Husserl’s covert critique of Kant in the sixth book of Logical Investigations

Continental Philosophy Review 52 (1):15-33 (2018)
Download Edit this record How to cite View on PhilPapers
In the final book of Logical Investigations from 1901, Husserl develops a theory of knowledge based on the intentional structure of consciousness. While there is some textual evidence that Husserl considered this to entail a critique of Kantian philosophy, he did not elaborate substantially on this. This paper reconstructs the covert critique of Kant’s theory of knowledge which LI contains. With respect to Kant, I discuss three core aspects of his theory of knowledge which, as Husserl’s reflections on Kant indicate, Husserl was familiar with. These are the cooperation of two faculties for the justification of beliefs; the concept of a priori structures of knowledge Kant operated with; and the delivered transcendental proof of these structures. Regarding Logical Investigations, I first briefly outline the intentional structure of consciousness as presented in the fifth book and then turn to the theory of knowledge in the sixth book. I then clarify, partially on the basis of manuscripts and lecture notes, the covert critique of the three core aspects of Kant’s theory which the sixth book contains.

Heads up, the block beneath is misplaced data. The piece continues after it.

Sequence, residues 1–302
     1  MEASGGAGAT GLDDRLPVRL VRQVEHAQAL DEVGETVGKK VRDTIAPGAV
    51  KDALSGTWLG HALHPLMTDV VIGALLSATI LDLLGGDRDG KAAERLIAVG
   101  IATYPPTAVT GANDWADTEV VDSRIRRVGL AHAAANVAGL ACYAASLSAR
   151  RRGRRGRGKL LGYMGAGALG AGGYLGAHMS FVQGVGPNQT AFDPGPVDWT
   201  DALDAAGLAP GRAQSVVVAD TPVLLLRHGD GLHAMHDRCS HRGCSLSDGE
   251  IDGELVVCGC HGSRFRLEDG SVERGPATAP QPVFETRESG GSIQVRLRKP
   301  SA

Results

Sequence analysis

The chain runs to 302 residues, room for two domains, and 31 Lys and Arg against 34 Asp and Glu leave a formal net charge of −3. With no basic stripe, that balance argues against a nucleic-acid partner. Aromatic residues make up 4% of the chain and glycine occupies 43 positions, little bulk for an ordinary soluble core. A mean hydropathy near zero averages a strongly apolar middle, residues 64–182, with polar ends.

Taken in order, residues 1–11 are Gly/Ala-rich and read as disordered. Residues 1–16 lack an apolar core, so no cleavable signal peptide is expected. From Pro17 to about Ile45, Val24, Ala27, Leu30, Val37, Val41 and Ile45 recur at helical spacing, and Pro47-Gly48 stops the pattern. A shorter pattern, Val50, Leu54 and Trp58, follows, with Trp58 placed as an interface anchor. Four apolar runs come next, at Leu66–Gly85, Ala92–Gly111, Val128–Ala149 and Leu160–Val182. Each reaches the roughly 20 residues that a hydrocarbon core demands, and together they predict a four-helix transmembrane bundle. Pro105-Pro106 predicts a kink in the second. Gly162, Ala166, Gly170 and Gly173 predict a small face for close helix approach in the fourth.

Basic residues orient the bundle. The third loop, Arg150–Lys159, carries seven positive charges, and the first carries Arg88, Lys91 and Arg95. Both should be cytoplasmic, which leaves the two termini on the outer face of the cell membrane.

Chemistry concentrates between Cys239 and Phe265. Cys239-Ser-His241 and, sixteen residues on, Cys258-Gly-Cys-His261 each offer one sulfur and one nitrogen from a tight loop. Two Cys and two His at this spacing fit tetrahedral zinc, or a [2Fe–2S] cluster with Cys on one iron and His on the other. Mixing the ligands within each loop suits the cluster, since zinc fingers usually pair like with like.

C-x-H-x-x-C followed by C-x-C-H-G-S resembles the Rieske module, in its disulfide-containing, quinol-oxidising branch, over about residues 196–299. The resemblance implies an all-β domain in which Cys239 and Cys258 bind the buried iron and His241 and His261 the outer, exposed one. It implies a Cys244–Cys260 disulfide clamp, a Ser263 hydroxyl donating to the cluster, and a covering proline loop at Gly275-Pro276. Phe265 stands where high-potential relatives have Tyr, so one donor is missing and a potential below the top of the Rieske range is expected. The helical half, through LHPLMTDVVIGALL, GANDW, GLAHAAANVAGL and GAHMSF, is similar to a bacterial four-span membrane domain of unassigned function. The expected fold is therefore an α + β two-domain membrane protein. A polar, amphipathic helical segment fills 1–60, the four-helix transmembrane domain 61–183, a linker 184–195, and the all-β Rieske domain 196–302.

No keywords specified (fix it)
(categorize this paper)
Reprint years
2018, 2019
PhilPapers/Archive ID
Revision history
Archival date: 2019-02-08
View upload history
References found in this work BETA
Logische Untersuchungen.Husserl, Edmund (ed.)
Things in Themselves.Adams, Robert Merrihew

View all 20 references / Add more references

Citations of this work BETA

No citations found.

Add more citations

Added to PP index

Total views
23 ( #36,940 of 39,984 )

Recent downloads (6 months)
20 ( #23,309 of 39,984 )

How can I increase my downloads?

Downloads since first upload
This graph includes both downloads from PhilArchive and clicks to external links.